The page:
This most direct route from New York to the Berkshires and Vermont affords also an interesting entrance to New England. It is a route much used by tourists from Pennsylvania and the South who wish to avoid New York City. They may cross the Hudson from Nyack to Tarrytown, joining the route at Eastview (p 227), or, crossing at Newburgh, may join the route further north at Pawling (p 230), or, crossing at Poughkeepsie, join it at Amenia (p 231). From Canaan one may turn eastward to Hartford, Route 8, or from Lenox through the western Berkshires to Springfield, Route 13, or from North Adams via the Mohawk Trail to Greenfield and Boston and the New England Coast, Route 15.
This popular inland route follows in general the course of the Harlem valley northward through the Westchester hills and the southern spurs of the Taconic range. Entering Connecticut, the Litchfield hills become mountains, rising to an altitude of over 2000 feet. Thence the course is through the heart of the Berkshires and the Green Mountain region past historic Bennington and Manchester, the mecca of summer auto tourists, down the valley of Otter Creek to Burlington. From there the route leads across the islands of Lake Champlain, joining the King Edward Highway to Montreal.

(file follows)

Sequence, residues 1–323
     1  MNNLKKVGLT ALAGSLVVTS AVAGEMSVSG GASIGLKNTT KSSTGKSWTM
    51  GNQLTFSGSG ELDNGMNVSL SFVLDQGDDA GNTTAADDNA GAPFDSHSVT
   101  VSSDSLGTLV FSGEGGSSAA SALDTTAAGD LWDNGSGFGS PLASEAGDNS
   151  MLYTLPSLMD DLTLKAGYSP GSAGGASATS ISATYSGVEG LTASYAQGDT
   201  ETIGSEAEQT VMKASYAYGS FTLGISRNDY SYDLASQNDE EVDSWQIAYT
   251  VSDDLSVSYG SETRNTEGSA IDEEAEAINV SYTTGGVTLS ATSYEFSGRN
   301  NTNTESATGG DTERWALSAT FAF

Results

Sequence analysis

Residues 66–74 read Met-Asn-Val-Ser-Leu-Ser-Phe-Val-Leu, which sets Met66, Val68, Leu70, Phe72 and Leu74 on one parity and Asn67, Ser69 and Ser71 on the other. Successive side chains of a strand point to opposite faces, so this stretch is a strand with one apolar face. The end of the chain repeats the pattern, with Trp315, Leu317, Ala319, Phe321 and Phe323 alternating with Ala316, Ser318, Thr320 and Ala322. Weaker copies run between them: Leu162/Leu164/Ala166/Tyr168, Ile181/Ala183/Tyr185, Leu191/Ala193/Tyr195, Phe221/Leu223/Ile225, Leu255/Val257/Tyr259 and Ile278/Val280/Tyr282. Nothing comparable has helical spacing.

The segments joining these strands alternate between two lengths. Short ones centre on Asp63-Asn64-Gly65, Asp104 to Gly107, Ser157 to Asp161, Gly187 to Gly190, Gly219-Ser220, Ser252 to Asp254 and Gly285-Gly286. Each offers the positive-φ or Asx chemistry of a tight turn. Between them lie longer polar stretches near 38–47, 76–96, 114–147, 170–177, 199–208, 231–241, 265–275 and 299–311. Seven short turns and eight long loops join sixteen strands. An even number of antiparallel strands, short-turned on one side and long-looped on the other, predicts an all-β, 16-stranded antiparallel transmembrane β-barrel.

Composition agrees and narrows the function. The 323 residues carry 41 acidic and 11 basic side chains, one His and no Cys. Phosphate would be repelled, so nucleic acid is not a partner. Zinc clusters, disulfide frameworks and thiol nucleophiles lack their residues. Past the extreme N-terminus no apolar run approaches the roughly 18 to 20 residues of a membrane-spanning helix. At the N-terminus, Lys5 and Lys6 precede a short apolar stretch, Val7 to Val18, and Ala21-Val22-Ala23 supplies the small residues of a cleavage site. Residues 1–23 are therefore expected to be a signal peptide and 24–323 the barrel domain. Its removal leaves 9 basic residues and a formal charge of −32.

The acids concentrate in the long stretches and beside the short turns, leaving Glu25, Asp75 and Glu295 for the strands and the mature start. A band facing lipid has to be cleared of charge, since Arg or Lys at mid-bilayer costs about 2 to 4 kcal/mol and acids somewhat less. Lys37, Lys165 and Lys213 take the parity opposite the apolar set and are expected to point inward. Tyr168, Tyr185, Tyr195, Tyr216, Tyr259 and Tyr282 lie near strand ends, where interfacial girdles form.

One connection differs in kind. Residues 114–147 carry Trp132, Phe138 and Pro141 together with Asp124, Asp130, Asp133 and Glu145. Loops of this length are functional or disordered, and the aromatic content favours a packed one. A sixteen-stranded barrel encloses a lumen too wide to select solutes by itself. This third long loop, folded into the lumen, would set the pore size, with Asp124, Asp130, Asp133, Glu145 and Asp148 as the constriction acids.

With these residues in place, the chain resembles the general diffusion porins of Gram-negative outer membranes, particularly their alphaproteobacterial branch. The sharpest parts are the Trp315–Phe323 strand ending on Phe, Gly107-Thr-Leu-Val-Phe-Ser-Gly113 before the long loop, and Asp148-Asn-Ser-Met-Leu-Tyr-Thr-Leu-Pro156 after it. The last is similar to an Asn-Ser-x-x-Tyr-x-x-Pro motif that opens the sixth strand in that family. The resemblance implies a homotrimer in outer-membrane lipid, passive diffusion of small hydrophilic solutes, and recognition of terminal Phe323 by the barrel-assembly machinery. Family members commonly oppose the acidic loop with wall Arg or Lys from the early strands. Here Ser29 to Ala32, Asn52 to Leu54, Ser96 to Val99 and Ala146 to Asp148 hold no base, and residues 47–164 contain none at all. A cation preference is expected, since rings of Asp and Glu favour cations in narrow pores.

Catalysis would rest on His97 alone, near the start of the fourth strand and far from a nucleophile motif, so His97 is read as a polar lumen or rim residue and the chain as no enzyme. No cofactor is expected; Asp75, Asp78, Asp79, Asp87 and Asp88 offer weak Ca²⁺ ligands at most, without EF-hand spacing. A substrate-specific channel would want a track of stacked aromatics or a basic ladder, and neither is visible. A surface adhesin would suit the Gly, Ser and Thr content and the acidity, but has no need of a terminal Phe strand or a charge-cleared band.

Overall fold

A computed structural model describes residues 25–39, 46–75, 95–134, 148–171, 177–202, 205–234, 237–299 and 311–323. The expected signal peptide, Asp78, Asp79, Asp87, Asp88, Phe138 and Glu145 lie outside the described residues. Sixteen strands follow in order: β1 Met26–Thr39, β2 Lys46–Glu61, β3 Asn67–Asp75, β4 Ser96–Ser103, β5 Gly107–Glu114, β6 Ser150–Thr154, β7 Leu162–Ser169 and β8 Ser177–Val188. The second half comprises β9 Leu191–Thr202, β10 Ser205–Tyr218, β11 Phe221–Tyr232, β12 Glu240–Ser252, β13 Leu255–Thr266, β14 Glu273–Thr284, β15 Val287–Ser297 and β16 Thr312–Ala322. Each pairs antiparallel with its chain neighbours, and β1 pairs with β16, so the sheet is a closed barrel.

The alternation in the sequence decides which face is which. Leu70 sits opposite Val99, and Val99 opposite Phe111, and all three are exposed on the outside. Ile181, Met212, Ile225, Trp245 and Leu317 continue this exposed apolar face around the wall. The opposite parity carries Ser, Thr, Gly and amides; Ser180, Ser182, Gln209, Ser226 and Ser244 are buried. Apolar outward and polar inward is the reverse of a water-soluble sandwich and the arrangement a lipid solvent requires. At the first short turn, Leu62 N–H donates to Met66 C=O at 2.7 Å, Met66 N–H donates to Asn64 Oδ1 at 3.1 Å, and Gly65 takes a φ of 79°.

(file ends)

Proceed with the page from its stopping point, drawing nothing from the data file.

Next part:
The route follows State Highways throughout its course. In New York this is generally macadam, with the white fences characteristic of State Highways and frequent sign posts erected by the Highway Commission making the route clear. From the Connecticut boundary, excepting the short section Salisbury-Canaan, yellow bands, the route throughout to the northern boundary of Massachusetts follows State Highway, marked with blue bands on telegraph poles and fence posts.